It is also used for and their derivatives for (POI)s fixed with respect to (RFo), but which are time dependent such as [E0odv,BTodv,etc] and their derivatives..
It is also used for derived measures and their derivatives for (POI)s that move with respect to (RFo), and which are obviously time dependent([ E0odv(POIo), BTodv(POIo,t), etc).
Examples :
rocs(POIo) = rpcs(POIo,t) but which also = rocs(POIo,t) = rpcs(POIo)
For the electrostatic field :
E0odv(POIo,t) = E0pdv(POIo(tx),t) != E0pdv((POIo,t) = Eodv(POIo)
For an induced electroic field :
EIpdv((POIo) = EIodv(POIo,t) but which also != EIpdv((POIo,t) = EIodv(POIo)
??? need more explanation.
??nyet : My interpretation is that this relates to Bill Lucas' comments :
p71h0.15 "... In order to obtain the results observed in the laboratory rame, it is necessary to evaluate Ei(rvt,t) at t=0 when the moving frame coincides with the laboratory frame after all terms for a given iteration have been evaluated. In order to simplify the iteration f successive terms the r'= r -vt terms are left in place in order to keep track of the correct power of r' for the derivative in the iterative term. The vt(cos(theta')) terms are explicitly dropped. ..."
CAUTIONS :
???You should ?ALWAYS? see the same "o" or "p" qualifier (meaning observer or particle reference frame) for the variable symbol and the point of interest symbol (for example, both "o"s in Rocs(POIo)). ???
This redundancy provides a good check for some errors that may srise in formulae (mostly when not paying enough attention to the frames of reference).
Note that time lags SHOULD affect field formulae unless field movement across infinite distance is instantaneous, but this issue is not addressed in this document..
Vibrating neutral diploes - are also looked at in a previous Chapter of Lucas's book. My nomenclature specific to that situation have yet to be specified.
General comment – where a "measure" (eg [R,v,E,B, etc]) is sought in a reference frame, then a POI fixed (stationary) in the same reference frame is not a function of time (i.e. doesn't move), whereas a POI fixed (stationary) in another reference frame IS a function of time.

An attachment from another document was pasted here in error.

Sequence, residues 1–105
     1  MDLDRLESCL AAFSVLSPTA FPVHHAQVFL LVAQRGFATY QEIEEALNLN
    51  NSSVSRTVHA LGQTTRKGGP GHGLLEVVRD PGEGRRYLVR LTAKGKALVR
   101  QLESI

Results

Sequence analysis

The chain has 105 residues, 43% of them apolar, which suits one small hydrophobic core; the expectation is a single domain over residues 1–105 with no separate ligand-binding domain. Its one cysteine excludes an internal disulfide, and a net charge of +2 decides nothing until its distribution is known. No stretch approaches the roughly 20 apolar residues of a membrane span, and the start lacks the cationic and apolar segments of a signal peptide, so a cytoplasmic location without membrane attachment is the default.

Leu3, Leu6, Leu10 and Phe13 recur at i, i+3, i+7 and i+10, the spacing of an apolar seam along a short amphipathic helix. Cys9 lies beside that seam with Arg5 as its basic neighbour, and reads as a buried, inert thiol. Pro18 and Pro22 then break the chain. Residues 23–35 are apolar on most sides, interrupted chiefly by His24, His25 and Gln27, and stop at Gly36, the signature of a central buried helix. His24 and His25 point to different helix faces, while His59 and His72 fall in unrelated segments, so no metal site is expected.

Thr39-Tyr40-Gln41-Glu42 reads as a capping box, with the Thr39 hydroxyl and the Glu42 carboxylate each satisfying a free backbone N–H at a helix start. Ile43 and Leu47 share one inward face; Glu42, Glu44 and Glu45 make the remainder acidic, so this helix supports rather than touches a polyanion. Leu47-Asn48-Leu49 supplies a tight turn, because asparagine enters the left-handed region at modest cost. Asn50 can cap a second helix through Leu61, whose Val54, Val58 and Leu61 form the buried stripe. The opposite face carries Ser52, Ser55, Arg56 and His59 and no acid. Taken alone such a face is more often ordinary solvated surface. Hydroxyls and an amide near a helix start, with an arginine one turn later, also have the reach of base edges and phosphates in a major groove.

It is recommended that the POI symbol ALWAYS be written in terms of the frame of reference in which the POI is fixed (stationary). For example :
EIocv(POIp(t),t) → the POI is stationary in the particle reference frame (RFp), and therefore is a function of time in the observer reference frame (Rfo) as is EIocv for that POI. POIp(t) makes both aspects clear.
EIpcv(POIp,t) → the POI is stationary in the particle reference frame (RFp), and therefore is NOT a function of time in the particle reference frame (RFp). POIp makes both aspects clear. This is an intermediary expression, as EIpcv in this case is not a function of time! This expression becomes EIpcv(POIp) = 0 as there is NO induced [B,E] in this case!!! But "EIpcv(POIp,t)" is a proper starting expression, as the simplifications easily follow in subse2quent steps.
EIpcv(POIo(t),t) → the POI is stationary in the observer reference frame (RFo), and therefore is a function of time in the particle reference frame (Rfp) as is the case for EIpcv. POIp(t) makes both aspects clear.
While one could write alternate forms
EIocv(POIo(t),t)
EIpcv(POIo(t),t)
these are NOT recommended, as they tend to "confuse" the issue (for me anyways, if I am not consistent), as the expression "EIocv(POIo(t),t)" loses the general sense that the POI referred to is fixed in the "o" frame (observer), which is NOT the case.